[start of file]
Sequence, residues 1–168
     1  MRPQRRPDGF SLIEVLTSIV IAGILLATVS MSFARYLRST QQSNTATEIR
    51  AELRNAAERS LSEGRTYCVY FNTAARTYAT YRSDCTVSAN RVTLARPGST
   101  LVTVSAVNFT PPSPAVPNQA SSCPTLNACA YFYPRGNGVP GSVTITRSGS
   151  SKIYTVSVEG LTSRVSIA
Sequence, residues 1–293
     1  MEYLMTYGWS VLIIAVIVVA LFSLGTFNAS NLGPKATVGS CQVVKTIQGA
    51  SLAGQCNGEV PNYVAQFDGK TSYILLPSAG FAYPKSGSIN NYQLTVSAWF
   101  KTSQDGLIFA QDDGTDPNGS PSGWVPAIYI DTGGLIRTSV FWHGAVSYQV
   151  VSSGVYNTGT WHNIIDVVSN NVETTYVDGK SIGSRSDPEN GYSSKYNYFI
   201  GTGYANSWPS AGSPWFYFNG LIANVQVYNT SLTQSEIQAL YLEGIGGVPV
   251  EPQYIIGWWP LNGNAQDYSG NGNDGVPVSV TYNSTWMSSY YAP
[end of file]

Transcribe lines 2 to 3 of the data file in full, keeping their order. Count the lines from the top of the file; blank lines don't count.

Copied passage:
     1  MRPQRRPDGF SLIEVLTSIV IAGILLATVS MSFARYLRST QQSNTATEIR
    51  AELRNAAERS LSEGRTYCVY FNTAARTYAT YRSDCTVSAN RVTLARPGST